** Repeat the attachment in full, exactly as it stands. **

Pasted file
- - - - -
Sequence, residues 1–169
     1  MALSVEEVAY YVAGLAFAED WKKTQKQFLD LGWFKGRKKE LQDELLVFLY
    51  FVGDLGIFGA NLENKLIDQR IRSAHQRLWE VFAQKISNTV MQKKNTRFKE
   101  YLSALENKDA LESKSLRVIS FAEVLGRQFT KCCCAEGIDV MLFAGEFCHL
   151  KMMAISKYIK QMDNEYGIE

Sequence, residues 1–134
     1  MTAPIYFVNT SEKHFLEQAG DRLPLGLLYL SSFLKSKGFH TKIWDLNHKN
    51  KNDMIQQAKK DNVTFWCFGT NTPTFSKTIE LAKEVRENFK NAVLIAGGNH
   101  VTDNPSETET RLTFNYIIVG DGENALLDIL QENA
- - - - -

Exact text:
Sequence, residues 1–169
     1  MALSVEEVAY YVAGLAFAED WKKTQKQFLD LGWFKGRKKE LQDELLVFLY
    51  FVGDLGIFGA NLENKLIDQR IRSAHQRLWE VFAQKISNTV MQKKNTRFKE
   101  YLSALENKDA LESKSLRVIS FAEVLGRQFT KCCCAEGIDV MLFAGEFCHL
   151  KMMAISKYIK QMDNEYGIE

Sequence, residues 1–134
     1  MTAPIYFVNT SEKHFLEQAG DRLPLGLLYL SSFLKSKGFH TKIWDLNHKN
    51  KNDMIQQAKK DNVTFWCFGT NTPTFSKTIE LAKEVRENFK NAVLIAGGNH
   101  VTDNPSETET RLTFNYIIVG DGENALLDIL QENA